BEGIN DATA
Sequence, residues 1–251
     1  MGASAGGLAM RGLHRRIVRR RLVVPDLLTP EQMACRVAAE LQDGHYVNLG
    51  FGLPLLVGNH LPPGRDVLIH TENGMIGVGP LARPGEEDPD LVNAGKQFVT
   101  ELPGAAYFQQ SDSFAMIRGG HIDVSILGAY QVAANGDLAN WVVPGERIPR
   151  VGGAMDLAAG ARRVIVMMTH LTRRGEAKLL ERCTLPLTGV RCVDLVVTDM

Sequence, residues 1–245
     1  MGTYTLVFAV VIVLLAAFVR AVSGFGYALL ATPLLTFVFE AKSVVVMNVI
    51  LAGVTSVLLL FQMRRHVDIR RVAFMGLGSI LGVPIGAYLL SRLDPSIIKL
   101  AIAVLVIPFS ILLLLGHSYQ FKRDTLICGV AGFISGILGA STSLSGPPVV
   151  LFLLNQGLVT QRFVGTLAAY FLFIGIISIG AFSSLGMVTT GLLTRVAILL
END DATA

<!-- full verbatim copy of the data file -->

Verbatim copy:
Sequence, residues 1–251
     1  MGASAGGLAM RGLHRRIVRR RLVVPDLLTP EQMACRVAAE LQDGHYVNLG
    51  FGLPLLVGNH LPPGRDVLIH TENGMIGVGP LARPGEEDPD LVNAGKQFVT
   101  ELPGAAYFQQ SDSFAMIRGG HIDVSILGAY QVAANGDLAN WVVPGERIPR
   151  VGGAMDLAAG ARRVIVMMTH LTRRGEAKLL ERCTLPLTGV RCVDLVVTDM

Sequence, residues 1–245
     1  MGTYTLVFAV VIVLLAAFVR AVSGFGYALL ATPLLTFVFE AKSVVVMNVI
    51  LAGVTSVLLL FQMRRHVDIR RVAFMGLGSI LGVPIGAYLL SRLDPSIIKL
   101  AIAVLVIPFS ILLLLGHSYQ FKRDTLICGV AGFISGILGA STSLSGPPVV
   151  LFLLNQGLVT QRFVGTLAAY FLFIGIISIG AFSSLGMVTT GLLTRVAILL